Constraining images with CSS

Small details make a big difference to websites. It’s never a good look when an image is larger than its container. Fortunately, it’s very easy to fix.

Responsive websites are great; mobile-first websites are even better. However, they do sometimes present frustrating issues. One issue which props up on a fairly regular basis is the issue of images – more specifically, a question along the lines of:

Why don’t my images fit on the page?

It’s a simple question really – if text can adapt to fit on a smaller screen, why do images sometimes insist on maintaining their original size? The answer is very simple.

Here’s a fairly average piece of code for an image:

<img src="image.png" alt="Image" width="800" height="200">

When displayed on a website, that image will display at a resolution of 800 pixels wide by 200 pixels high. If you’re using a screen with a lower resolution, the text will be scaled down and the image will dwarf the rest of the content. That’s because, without any other information, the browser doesn’t know any better.

So, to get around it, you need to add the following CSS:

img {
 max-width: 100%;
 height: auto;
 }

This does two things. First, it constrains all images to the maximum screen width. If that is 320 pixels, that’s the size the image will be scaled to. Second, it constrains the image height proportionally, so the image doesn’t look like it’s been squished.

So, what if you need to constrain not just images, but videos, and possibly more besides? Easy. Change your CSS to this:

.constrain {
max-width: 100%;
height: auto;
}

Now, you can use the .constrain class on any element and it will be constrained to the intended width.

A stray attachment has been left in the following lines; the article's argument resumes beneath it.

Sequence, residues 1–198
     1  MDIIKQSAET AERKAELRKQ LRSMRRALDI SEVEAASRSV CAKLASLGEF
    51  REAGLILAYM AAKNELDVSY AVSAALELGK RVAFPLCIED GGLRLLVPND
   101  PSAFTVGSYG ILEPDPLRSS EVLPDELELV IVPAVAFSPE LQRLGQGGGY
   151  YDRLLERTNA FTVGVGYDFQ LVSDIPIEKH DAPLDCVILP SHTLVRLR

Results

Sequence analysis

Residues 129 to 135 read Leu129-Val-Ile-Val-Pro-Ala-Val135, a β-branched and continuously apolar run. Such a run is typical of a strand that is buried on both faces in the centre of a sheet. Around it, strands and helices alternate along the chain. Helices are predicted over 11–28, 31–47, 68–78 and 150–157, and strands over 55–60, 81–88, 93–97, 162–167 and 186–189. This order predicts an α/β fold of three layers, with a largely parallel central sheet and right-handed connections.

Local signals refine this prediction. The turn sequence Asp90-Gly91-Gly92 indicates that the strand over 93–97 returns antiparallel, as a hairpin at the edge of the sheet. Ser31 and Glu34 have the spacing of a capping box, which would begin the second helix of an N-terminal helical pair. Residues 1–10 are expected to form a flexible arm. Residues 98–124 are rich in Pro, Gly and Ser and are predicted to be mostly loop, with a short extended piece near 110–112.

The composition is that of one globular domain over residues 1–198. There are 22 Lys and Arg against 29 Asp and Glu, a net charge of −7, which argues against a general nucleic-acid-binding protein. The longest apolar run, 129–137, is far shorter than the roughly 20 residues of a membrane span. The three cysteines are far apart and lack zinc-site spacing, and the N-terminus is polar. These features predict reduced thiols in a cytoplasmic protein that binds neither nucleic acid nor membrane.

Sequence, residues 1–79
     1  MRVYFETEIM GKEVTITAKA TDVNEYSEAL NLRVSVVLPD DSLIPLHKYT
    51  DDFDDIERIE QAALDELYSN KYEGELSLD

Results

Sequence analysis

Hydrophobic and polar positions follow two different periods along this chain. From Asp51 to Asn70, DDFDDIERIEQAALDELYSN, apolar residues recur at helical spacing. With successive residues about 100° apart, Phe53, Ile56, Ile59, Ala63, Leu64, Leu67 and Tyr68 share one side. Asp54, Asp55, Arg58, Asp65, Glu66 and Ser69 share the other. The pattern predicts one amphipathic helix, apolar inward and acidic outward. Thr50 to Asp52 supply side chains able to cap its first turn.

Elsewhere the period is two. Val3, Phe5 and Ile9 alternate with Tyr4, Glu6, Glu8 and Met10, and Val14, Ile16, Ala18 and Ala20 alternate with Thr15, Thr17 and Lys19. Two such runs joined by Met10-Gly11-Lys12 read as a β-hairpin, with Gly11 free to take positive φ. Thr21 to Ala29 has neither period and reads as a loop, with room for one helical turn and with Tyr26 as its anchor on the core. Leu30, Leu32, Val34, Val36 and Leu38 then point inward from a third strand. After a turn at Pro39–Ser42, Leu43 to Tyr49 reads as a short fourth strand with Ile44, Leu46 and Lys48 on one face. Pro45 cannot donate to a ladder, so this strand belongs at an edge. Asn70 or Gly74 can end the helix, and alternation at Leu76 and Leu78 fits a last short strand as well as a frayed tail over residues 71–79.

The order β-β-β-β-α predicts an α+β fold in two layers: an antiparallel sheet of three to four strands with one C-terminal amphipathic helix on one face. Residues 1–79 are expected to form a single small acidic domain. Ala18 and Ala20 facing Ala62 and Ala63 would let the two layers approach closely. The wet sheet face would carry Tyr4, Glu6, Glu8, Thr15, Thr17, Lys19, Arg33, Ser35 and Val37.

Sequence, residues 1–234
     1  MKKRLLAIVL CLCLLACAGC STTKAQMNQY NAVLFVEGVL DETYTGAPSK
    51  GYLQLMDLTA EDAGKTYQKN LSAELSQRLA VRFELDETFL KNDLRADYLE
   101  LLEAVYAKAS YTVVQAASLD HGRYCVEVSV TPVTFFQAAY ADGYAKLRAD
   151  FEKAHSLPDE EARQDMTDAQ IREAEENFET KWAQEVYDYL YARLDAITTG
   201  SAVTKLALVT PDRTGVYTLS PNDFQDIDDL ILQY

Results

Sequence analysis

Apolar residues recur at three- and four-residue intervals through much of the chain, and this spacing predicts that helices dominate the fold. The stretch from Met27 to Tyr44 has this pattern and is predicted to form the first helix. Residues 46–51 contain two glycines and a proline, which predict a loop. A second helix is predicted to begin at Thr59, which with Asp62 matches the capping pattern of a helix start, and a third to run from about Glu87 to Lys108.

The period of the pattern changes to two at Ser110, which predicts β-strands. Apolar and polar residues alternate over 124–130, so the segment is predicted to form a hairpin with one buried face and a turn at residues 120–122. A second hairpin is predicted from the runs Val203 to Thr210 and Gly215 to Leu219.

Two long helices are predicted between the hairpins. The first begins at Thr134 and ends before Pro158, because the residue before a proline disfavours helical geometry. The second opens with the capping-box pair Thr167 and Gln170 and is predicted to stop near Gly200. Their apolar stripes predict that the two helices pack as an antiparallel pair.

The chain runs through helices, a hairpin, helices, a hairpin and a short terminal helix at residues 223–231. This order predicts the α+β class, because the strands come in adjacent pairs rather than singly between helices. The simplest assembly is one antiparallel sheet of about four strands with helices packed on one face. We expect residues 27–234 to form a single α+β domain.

Setting a static IP address in Ubuntu Server

Networking takes care of itself in Windows, and static IPs aren’t very hard. But how do you set a static IP address in Ubuntu Server?

I’ve used Linux regularly for more than ten years. For the majority of that time, I’ve used Ubuntu, although I’ve also dabbled in Fedora (without much success) and CentOS (with marginally more).

I’m generally comfortable with Linux and when I’m not, I usually know where to look. However, if there’s one thing I always seem to have issues with on Linux, it’s networking.

When I first used Ubuntu, it was often a struggle to get any usable networking. After a while, it was just wireless (mainly WPA) which caused an issue. Latterly, the main issue I’ve encountered is networking with virtual machines (and most of those issues have been with VirtualBox – VMware doesn’t seem to encounter the same issues).

If you’re working with a server, you’ll want to set a static IP address. Once working, this makes things much easier than using a dynamic address.

If you use Ubuntu Desktop, you can edit these settings very easily from your control panel, but on Ubuntu Server you’ll need to use the command line.